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Local independence is the underlying assumption of latent variable models. The observed items are conditionally independent of each other given an individual score on the latent variable(s). This means that the latent variable explains why the observed items are related to one another. This can be explained by the following example.
Local independence can be explained by an example of Lazarsfeld and Henry (1968). Suppose that a sample of 1000 people was asked whether they read journals A and B. Their responses were as follows:
|Read A||Did not read A||Total|
|Did not read B||240||360||600|
One can easily see that the two variables (reading A and reading B) are strongly related, and thus dependent on each other. Readers of A tend to read B more often (52%) than non-readers of A (28%). If reading A and B were independent, then the formula P(A&B) = P(A)×P(B) would hold. But 260/1000 isn't 400/1000 × 500/1000. Thus, reading A and B are statistically dependent on each other.
If the analysis is extended to also look at the education level of these people, the following tables are found.
Again, if reading A and B were independent, then P(A&B) = P(A)×P(B) would hold separately for each education level. And, in fact, 240/500 = 300/500×400/500 and 20/500 = 100/500×100/500. Thus if a separation is made between people with high and low education backgrounds, there is no dependence between readership of the two journals. That is, reading A and B are independent once educational level is taken into consideration. The educational level 'explains' the difference in reading of A and B. If educational level is never actually observed or known, it may still appear as a latent variable in the model.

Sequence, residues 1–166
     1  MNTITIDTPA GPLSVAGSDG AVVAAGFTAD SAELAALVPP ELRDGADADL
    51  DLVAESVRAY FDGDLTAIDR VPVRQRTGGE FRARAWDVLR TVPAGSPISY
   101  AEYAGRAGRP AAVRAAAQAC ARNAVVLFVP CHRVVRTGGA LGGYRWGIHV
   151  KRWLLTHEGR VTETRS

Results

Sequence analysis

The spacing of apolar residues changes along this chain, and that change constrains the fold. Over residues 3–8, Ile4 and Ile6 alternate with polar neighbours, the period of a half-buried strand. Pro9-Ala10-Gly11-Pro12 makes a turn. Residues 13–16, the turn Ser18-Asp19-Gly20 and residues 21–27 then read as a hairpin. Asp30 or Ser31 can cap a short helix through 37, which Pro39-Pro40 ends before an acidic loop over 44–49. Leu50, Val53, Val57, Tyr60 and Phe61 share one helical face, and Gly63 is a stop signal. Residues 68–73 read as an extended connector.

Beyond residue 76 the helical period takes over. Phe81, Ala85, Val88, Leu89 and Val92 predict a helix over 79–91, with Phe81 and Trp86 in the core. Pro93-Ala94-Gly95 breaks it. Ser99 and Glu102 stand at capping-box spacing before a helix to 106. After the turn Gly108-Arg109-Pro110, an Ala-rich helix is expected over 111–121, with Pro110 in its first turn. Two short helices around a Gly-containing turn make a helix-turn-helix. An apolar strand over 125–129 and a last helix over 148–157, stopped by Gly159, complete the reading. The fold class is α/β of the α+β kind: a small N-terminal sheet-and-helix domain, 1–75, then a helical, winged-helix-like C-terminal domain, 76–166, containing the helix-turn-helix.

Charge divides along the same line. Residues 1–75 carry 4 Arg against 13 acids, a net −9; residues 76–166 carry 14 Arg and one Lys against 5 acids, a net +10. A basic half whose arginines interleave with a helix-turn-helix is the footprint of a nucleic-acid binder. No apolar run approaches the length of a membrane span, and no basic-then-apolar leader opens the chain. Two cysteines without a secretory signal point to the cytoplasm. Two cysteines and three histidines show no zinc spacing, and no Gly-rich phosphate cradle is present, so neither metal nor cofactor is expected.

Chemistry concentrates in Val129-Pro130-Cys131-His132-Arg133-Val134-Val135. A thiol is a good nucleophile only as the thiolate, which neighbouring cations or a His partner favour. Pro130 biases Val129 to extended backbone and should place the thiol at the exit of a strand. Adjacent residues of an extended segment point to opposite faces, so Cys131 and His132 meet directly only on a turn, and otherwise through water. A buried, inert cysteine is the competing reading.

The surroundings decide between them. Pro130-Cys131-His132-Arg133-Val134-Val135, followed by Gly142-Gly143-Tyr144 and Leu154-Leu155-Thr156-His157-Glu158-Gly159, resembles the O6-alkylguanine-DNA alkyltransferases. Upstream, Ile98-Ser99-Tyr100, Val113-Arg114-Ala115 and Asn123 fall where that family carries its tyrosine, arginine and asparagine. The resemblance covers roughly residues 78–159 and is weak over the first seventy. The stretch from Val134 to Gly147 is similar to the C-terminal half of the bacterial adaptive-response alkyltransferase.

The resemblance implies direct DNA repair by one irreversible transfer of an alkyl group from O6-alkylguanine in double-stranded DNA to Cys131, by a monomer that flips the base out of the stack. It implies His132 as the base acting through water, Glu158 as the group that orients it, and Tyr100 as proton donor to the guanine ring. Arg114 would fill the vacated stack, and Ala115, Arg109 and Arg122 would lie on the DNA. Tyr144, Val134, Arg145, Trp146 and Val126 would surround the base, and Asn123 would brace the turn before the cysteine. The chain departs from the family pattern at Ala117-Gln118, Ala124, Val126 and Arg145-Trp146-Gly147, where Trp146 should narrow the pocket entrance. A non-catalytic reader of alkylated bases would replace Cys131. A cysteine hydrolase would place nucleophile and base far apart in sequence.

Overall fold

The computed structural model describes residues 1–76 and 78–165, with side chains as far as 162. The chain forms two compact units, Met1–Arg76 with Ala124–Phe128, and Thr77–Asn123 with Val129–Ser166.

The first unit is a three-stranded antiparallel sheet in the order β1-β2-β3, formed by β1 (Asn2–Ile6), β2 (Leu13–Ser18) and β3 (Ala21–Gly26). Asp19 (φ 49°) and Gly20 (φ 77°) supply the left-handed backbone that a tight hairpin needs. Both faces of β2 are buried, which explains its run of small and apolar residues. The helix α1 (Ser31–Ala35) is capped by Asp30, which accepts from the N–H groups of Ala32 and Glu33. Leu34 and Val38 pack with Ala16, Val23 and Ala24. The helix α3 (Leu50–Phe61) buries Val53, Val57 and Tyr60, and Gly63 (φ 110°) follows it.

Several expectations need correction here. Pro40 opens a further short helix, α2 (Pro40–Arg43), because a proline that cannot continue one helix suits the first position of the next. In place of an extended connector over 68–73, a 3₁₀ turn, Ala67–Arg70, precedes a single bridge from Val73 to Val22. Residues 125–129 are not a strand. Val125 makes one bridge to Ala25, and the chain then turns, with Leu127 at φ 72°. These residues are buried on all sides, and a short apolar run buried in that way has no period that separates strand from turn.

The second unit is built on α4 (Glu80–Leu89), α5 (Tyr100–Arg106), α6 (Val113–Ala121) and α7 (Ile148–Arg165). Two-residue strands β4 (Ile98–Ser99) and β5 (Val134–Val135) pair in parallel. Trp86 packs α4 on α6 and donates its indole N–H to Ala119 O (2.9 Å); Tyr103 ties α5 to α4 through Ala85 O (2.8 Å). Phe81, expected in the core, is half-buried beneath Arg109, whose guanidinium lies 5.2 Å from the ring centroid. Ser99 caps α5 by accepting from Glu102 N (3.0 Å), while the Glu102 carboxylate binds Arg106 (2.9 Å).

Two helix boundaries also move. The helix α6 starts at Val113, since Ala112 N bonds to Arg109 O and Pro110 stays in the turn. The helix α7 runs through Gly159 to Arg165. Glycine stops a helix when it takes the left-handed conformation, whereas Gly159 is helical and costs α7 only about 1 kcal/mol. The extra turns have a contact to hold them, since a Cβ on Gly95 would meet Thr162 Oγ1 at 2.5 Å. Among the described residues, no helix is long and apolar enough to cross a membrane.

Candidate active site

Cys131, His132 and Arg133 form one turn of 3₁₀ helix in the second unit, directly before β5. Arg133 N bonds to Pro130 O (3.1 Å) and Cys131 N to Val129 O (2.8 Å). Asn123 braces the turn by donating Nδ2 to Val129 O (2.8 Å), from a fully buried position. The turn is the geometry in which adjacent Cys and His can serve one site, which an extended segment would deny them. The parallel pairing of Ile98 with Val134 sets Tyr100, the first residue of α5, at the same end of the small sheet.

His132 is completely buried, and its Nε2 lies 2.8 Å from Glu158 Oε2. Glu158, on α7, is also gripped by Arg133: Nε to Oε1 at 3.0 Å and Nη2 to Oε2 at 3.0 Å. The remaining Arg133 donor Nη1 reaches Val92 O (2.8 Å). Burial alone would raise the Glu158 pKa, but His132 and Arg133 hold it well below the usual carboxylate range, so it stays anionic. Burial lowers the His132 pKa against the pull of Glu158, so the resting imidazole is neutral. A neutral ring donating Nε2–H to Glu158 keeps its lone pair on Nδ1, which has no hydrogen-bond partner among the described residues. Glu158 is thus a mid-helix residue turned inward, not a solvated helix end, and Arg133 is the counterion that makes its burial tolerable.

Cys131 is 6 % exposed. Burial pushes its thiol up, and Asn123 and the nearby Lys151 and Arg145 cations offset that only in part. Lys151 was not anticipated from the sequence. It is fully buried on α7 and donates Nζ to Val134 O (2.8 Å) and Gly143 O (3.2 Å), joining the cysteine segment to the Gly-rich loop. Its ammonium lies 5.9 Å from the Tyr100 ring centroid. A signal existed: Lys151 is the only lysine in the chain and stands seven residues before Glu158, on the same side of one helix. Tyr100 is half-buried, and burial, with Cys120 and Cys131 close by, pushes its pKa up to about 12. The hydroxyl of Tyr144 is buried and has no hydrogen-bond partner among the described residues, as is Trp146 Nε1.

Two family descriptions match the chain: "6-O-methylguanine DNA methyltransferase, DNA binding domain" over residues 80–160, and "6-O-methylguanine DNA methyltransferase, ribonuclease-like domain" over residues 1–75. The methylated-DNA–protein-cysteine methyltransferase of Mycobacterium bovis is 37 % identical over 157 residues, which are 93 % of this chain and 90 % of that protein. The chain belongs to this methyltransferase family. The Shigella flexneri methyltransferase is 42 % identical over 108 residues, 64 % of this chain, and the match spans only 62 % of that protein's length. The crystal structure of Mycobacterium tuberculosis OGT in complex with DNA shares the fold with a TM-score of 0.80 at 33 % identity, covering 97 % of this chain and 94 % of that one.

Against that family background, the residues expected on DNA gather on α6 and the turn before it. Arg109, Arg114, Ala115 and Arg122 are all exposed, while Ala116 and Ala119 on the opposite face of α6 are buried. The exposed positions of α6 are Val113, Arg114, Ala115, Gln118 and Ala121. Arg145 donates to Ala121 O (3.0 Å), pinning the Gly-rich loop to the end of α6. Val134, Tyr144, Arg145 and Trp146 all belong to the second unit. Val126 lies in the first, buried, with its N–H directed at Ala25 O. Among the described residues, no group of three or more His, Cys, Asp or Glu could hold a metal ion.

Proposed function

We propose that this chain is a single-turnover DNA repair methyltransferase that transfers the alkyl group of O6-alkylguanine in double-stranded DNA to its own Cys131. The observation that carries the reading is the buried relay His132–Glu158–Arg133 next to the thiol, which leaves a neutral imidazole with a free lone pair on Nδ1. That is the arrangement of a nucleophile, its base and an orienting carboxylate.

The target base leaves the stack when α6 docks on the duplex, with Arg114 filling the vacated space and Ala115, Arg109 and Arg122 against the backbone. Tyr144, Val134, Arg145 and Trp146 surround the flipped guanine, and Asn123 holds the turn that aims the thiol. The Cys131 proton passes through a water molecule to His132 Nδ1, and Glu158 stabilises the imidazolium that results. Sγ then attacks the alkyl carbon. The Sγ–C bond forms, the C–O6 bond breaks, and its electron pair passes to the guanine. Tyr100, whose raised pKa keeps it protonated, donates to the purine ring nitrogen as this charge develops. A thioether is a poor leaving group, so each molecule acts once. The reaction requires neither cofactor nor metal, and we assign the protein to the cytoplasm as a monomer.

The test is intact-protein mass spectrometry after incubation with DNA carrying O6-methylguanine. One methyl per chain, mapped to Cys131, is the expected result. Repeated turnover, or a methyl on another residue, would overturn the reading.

- Lazarsfeld, P.F., and Henry, N.W. (1968) Latent Structure analysis. Boston: Houghton Mill.
- Henning, G. (1989). "Meanings and implications of the principle of local independence". Language Testing 6 (1): 95–108. doi:10.1177/026553228900600108.
Original source: https://en.wikipedia.org/wiki/ Local independence. Read more